Problem: Your circumstances trumped you—You control many of the problems listed above. However, there are times when issues beyond your control arise. Key employees leave, the economy in your area suffers, or one of your major partners suffers layoffs.
Solution: Adjust your plan—Strategic plans should be written in pencil and not ink. Falling prey to your circumstances is a trap, however. Make sure those outside circumstances aren’t just excuses. And as you build your strategy, you should also build contingencies for unexpected events.
The smartest, most thoughtful and wisest plan can still fail. Knowing the pitfalls above—and
their solutions—enables your strategy for success.
Financial institutions have all kinds of assets. Fixed assets. Branches. Loans. Investments. You get the idea. Most of the assets are things.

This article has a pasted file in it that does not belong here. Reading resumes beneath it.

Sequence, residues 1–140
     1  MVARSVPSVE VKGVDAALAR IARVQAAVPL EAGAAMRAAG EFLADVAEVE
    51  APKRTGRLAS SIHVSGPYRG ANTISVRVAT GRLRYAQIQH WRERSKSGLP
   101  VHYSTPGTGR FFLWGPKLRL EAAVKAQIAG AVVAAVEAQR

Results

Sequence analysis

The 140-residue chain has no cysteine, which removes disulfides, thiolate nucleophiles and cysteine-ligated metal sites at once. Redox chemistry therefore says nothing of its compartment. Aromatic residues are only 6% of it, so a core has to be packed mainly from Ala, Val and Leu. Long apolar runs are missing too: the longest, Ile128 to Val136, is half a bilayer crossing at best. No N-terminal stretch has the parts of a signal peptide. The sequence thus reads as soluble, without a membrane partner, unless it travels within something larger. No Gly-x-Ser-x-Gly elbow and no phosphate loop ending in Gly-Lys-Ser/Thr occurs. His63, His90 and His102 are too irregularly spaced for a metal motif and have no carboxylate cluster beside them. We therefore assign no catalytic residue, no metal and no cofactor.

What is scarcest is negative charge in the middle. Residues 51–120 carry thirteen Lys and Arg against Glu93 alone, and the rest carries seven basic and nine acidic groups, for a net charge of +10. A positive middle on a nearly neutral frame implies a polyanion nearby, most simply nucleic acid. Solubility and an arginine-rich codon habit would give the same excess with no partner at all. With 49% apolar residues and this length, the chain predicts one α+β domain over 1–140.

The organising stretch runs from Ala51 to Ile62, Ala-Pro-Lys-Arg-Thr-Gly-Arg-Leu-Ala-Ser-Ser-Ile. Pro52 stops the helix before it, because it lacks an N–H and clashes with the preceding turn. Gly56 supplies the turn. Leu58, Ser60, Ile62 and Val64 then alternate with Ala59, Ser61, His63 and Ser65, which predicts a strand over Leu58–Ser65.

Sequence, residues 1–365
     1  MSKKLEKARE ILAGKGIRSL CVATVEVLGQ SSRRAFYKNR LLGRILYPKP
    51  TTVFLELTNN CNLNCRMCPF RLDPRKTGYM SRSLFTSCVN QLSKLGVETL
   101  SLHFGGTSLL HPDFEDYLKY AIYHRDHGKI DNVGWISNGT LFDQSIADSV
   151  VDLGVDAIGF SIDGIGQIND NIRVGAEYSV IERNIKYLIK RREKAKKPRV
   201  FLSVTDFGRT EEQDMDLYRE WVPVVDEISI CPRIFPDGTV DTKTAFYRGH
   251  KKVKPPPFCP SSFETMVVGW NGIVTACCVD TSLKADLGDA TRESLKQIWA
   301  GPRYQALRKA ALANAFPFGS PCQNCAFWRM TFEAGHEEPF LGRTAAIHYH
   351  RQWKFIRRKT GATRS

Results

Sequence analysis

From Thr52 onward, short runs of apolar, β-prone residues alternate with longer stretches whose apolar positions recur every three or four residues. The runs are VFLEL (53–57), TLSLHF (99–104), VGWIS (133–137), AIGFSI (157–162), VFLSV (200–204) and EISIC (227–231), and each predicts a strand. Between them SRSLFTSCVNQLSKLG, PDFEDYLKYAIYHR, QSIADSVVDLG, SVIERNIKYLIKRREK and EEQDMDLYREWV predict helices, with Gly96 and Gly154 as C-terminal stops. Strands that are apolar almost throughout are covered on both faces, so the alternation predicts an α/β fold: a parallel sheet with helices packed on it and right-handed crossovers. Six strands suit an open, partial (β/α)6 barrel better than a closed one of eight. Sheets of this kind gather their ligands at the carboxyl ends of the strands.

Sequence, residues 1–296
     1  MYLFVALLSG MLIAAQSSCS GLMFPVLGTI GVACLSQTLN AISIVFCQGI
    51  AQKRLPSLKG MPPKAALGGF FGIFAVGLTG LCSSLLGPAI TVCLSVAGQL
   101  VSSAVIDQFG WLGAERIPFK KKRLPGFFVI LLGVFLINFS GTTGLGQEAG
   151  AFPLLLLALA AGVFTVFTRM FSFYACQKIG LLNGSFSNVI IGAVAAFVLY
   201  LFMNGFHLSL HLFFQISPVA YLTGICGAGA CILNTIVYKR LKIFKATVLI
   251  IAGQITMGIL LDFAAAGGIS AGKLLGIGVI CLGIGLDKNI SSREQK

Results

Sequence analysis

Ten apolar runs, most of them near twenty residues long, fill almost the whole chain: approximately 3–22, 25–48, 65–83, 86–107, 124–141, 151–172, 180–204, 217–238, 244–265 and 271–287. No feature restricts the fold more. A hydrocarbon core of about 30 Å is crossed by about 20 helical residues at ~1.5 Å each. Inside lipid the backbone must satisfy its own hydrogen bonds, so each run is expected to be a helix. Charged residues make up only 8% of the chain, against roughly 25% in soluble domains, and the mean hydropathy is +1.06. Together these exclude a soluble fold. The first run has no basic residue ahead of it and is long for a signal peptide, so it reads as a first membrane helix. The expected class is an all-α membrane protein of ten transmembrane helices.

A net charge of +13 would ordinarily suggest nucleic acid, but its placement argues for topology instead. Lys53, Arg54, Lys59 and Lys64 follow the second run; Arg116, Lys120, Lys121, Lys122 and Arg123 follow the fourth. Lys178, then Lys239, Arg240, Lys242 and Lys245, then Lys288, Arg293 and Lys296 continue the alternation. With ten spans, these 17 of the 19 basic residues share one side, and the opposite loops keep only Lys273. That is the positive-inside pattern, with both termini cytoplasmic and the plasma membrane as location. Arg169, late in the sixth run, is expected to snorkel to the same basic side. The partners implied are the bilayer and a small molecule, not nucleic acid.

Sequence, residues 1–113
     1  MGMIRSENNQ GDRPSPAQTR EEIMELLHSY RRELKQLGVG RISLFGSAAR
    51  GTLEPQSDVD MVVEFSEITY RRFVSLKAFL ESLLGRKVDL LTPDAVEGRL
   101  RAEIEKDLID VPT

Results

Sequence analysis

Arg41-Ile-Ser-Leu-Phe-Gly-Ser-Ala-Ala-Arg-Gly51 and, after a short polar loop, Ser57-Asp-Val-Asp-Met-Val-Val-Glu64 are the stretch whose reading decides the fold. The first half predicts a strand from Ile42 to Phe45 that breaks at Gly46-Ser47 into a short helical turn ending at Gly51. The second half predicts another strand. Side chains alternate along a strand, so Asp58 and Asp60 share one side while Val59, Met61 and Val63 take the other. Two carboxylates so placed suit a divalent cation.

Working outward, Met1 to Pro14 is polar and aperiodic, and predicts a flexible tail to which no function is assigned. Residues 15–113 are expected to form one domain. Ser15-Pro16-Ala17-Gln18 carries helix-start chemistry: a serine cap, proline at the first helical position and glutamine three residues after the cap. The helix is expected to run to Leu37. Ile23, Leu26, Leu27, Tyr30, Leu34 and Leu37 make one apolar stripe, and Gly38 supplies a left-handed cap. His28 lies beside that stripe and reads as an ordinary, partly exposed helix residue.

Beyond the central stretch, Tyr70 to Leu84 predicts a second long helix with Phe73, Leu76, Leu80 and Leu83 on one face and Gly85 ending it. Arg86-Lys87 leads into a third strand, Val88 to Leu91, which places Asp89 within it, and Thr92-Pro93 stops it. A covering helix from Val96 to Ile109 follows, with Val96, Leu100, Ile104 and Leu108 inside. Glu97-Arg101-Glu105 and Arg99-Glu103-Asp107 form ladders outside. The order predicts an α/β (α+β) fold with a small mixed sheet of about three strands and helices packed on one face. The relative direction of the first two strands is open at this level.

The reality is that the most important assets at credit unions or banks aren’t classified as assets. Here are a few to consider:
(1) Your people—Too many times we view people as an expense on the balance sheet. That’s a terrible mindset. People are not an expense: they are the most important asset you have. If you see your staff as a necessary expense, then don’t expect your bank or credit union to grow (and trust me, they know if you view them that way). One the best strategic decisions you can make is to stop investing in fixed assets (branches) and pour your resources into your people. For example, send them to a conference, provide ongoing training, provide a webinar, buy them books, etc. When it comes to your assets, investing in people will yield a positive return.